Ironically, while Director Morton testified that the Administration is still exploring its legal options against Cook County for adopting a sanctuary ordinance it acknowledges violates federal law, he was quick to deny its rescission of 287(g) task force agreements in Arizona just hours after the Supreme Court upheld the heart of its immigration enforcement law, SB 1070, was retaliatory. (FAIR Legislative Update, July 3, 2012) To the contrary, Director Morton claimed DHS had planned on terminating those 287(g) agreements for some time. According to Morton, DHS had already evaluated Arizona's 287(g) task force agreements and determined they were "much less productive" than other 287(g) models. The reason then for rescinding the agreements when he did, he said, was that "it made the most sense to do it at the same time" as the Supreme Court decision. (Bloomberg Government Transcript, July 10, 2012) However, what Director Morton failed to mention is that under 287(g) agreements, ICE — not local law enforcement agencies — has complete control over whether an illegal alien is removed. Regardless of how many illegal aliens a particular 287(g) task force submits to ICE for removal, there is no guarantee that ICE will decide to place the alien in formal removal procedures. (See CRS Report R42057 at p. 19, 2011; see also CRS Report RL32270 at p. 24, 2009) This suggests that task force inefficiency is a product of the Obama Administration's own pro-amnesty policies.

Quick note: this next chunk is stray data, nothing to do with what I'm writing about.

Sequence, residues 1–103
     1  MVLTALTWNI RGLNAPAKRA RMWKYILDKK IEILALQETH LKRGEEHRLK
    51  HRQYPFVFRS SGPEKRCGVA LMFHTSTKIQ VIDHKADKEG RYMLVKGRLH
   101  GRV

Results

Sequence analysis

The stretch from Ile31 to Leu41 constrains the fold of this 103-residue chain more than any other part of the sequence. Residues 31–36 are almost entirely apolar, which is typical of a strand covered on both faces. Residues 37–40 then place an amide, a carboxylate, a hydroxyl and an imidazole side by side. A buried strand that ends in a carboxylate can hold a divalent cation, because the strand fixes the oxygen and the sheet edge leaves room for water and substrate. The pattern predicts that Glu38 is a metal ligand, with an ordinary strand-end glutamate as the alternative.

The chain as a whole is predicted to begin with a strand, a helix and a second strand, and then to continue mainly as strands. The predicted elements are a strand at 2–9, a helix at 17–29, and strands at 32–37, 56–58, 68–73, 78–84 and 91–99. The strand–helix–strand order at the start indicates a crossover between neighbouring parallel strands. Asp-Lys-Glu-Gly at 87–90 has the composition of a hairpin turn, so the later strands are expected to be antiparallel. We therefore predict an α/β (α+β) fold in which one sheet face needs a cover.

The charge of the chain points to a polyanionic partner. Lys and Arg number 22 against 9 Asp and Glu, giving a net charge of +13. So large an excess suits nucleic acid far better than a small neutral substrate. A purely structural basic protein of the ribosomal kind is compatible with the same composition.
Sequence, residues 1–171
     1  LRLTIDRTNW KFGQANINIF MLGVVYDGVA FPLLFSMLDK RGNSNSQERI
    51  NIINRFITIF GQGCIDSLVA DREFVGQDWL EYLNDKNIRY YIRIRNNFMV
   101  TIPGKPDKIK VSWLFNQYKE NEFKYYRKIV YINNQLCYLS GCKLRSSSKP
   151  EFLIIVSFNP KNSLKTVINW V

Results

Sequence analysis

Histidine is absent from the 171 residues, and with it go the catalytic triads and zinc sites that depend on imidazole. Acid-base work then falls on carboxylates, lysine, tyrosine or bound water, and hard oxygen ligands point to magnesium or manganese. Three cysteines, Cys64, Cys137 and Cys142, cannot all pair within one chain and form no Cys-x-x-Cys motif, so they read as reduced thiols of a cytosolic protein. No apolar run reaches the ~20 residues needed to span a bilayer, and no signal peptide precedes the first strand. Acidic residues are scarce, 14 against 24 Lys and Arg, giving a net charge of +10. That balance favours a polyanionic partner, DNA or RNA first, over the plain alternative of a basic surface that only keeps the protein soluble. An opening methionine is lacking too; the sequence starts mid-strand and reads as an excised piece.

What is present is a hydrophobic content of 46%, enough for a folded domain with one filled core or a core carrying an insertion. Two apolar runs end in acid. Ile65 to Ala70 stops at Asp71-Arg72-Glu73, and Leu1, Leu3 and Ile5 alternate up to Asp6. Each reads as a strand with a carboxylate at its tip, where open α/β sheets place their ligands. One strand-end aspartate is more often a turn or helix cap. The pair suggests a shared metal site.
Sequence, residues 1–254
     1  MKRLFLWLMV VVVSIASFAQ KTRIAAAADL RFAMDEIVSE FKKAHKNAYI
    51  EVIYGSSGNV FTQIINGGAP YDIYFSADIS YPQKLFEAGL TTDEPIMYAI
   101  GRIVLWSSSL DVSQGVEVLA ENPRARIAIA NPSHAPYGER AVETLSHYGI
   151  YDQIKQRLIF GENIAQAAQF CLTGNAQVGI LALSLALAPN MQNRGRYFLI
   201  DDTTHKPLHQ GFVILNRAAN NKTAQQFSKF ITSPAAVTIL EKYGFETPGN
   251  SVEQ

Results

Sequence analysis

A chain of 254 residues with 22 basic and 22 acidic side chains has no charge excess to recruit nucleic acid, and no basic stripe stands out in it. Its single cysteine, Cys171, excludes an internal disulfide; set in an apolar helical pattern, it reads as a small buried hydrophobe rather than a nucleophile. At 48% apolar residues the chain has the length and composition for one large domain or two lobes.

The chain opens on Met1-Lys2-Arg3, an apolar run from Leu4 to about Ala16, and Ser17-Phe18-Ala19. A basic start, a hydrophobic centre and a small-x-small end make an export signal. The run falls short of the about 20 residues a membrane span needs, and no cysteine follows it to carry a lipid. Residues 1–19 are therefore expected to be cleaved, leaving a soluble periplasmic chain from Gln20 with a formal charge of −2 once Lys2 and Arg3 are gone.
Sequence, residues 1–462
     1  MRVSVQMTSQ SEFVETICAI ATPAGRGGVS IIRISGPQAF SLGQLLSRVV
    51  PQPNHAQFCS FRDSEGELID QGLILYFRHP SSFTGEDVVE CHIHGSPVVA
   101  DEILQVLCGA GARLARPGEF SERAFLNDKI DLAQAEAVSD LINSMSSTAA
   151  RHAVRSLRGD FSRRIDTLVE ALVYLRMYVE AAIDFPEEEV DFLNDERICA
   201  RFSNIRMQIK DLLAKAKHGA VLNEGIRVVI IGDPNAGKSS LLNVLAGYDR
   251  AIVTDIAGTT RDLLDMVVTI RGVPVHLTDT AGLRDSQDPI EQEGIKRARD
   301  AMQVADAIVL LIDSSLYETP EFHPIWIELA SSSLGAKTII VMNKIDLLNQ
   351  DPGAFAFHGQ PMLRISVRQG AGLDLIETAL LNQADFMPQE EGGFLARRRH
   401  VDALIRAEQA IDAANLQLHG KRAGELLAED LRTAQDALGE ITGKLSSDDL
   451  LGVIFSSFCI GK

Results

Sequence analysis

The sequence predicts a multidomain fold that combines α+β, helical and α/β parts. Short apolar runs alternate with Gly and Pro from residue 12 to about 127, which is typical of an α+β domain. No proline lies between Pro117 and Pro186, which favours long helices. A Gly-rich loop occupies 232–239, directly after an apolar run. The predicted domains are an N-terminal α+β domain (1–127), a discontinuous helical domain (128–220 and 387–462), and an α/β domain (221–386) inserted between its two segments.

The 287(g) program, named after the section where it is found in the Immigration and Nationality Act (INA), is a partnership that acts as a force multiplier for DHS and trains state and local law enforcement officers to act as immigration agents within their jurisdictions. Localities with task force model agreements allows officers to proactively identify, respond to, and remove illegal aliens tied to certain crimes, such as drug trafficking or gang activity. (See GAO Report 09-109, 2009)
The Administration's failure to act against Cook County, while pursuing litigation and retaliating against states with immigration enforcement laws, illustrate the Administration's policy of cherry-picking the immigration laws it wishes to enforce. Although the House-passed Department of Homeland Security FY2013 appropriations bill cuts off federal funds to sanctuary cities and protects states who seek to enforce immigration law, President Obama has already vowed to veto the legislation. (See Statement of Administration Policy, June 6, 2012)